Posts Tagged 'phanerogams'

Direct and indirect impacts of marine acidification on the ecosystem services provided by coralligenous reefs and seagrass systems

Increasing emissions of CO2 and the resultant ocean acidification (OA) will have large implications for the marine ecosystems sustained by habitat-forming species and their related ecosystem services (ES), with potentially significant impacts on human well-being. Here, we provide an assessment of the direct and indirect impacts of OA on ES. The changes in the functioning of coralligenous reefs and Posidonia oceanica meadows promoted by OA were investigated by i) synthesizing current knowledge into conceptual models. The models were then used to, ii) assessing the impacts of exposure of the selected taxa at the acidification level associated with two CO2 emission scenarios and iii) using the conceptual model outputs to project the cascading impacts from individuals to functions to ES.

The results highlight that the combination of the direct and indirect effects of acidification will alter many functions of both coralligenous and P.oceanica systems, triggering habitat modifications and the loss of highly valuable ES.

While the exact timing of the expected changes will depend on the severity of the emission scenarios, significant and hardly reversible changes can be expected as quickly as a few decades under the business-as-usual scenario, and many ecosystem services are at risk even under much more conservative scenarios.

Continue reading ‘Direct and indirect impacts of marine acidification on the ecosystem services provided by coralligenous reefs and seagrass systems’

Interaction of short-term copper pollution and ocean acidification in seagrass ecosystems: toxicity, bioconcentration and dietary transfer

Highlights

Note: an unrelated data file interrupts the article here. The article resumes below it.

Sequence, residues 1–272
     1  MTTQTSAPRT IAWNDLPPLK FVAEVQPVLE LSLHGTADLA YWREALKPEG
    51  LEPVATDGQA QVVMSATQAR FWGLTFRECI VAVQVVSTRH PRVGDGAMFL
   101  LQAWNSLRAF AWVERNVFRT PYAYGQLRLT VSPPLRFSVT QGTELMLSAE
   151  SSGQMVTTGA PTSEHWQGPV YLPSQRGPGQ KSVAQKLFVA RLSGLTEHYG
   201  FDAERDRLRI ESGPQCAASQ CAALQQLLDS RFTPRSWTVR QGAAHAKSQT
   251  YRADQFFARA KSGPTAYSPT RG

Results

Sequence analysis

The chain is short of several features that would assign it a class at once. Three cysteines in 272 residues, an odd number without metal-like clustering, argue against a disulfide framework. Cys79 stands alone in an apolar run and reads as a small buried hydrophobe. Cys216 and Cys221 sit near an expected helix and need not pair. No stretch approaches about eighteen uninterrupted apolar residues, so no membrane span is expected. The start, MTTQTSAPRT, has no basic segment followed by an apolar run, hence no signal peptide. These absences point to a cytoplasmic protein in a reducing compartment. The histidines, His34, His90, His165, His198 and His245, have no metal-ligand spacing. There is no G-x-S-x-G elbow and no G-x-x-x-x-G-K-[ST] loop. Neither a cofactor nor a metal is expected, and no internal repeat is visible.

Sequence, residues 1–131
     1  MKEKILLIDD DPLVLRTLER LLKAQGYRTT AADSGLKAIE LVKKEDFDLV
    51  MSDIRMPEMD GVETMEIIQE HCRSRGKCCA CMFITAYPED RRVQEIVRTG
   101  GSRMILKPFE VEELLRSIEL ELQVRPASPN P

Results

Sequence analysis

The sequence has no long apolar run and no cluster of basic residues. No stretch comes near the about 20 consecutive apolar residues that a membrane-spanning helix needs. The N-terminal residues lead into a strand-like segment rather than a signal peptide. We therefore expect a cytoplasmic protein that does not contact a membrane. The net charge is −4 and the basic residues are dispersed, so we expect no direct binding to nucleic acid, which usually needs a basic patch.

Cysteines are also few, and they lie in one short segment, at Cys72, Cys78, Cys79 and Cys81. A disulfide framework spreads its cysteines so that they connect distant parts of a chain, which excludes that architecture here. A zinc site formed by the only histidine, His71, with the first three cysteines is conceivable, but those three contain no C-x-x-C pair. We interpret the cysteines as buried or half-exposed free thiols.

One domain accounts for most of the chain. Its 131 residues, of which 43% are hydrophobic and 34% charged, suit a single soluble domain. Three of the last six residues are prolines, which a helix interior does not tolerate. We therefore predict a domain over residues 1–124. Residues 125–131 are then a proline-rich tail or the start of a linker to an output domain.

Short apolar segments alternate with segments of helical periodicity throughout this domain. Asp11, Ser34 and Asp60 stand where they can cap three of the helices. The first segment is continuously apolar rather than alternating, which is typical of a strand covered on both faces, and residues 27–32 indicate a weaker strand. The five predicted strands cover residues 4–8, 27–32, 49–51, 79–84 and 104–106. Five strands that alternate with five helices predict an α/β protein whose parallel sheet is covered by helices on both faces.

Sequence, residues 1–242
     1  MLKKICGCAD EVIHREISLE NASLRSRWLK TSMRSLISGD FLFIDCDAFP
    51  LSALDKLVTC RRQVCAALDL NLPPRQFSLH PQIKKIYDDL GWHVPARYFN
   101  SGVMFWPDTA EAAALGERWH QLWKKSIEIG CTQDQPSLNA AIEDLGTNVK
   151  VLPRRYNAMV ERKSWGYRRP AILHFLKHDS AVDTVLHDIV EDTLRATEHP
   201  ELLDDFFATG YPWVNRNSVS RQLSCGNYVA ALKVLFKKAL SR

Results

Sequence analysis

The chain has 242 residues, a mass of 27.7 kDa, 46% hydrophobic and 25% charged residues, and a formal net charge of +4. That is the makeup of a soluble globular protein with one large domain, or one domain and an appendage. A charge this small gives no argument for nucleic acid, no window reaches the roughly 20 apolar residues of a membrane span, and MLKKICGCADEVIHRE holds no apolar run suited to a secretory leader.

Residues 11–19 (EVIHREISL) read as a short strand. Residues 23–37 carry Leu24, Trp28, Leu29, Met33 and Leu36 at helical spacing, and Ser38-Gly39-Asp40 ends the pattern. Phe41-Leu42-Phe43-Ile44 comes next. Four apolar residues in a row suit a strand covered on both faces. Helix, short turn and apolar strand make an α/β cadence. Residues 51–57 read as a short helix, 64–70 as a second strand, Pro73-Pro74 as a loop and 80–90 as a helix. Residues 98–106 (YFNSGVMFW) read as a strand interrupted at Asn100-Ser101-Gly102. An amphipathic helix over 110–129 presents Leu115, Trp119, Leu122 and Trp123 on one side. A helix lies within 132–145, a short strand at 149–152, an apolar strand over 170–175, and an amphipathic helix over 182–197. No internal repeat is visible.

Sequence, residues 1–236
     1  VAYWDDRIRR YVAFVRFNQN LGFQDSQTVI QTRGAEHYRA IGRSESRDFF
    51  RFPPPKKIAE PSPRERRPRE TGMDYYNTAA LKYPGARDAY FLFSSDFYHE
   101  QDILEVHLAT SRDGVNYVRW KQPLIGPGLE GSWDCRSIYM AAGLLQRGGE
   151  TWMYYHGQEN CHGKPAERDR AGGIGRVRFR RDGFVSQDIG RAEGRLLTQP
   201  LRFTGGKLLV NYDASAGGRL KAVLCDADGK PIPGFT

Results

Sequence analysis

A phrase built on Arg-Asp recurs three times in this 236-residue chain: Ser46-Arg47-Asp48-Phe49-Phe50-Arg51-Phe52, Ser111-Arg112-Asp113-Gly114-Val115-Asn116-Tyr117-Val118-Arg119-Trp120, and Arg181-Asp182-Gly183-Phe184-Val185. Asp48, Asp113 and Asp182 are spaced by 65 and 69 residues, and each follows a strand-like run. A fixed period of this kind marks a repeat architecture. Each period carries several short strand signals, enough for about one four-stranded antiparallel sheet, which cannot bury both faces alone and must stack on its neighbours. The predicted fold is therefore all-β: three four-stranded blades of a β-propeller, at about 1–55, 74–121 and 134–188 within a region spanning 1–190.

• Toxicity and bioconcentration of copper in seagrasses were not affected by pH.
• Complex copper-pH interactions were observed in the seagrass photosynthesis.
• Seagrasses can act as a copper source in the food web via direct consumption.

Abstract

We aimed to show how the predicted pH decrease in the ocean would alter the toxicity, bioconcentration and dietary transfer of trace metal copper on seagrass ecosystems, on a short-term basis. Seagrass Zostera noltei was exposed to two pH levels (8.36 and 8.03) and three copper levels (nominal concentrations, <3, 30 and 300 μg Cu L−1) in a factorial design during 21 days, while Gammarus locusta amphipods were continuously fed with the treated seagrass leaves. We found that the toxicity and bioconcentration of copper in seagrasses were not affected by pH, yet complex copper-pH interactions were observed in the seagrass photosynthesis. We demostrated that seagrasses can act as a copper source in the food web via direct consumption by herbivores. Future research need to investigate the interactive effects on a long-term basis, and to include biochemical and molecular endpoints to provide additional insights to the complex phisiological interactions observed.

Continue reading ‘Interaction of short-term copper pollution and ocean acidification in seagrass ecosystems: toxicity, bioconcentration and dietary transfer’

Studentized bootstrap model-averaged tail area intervals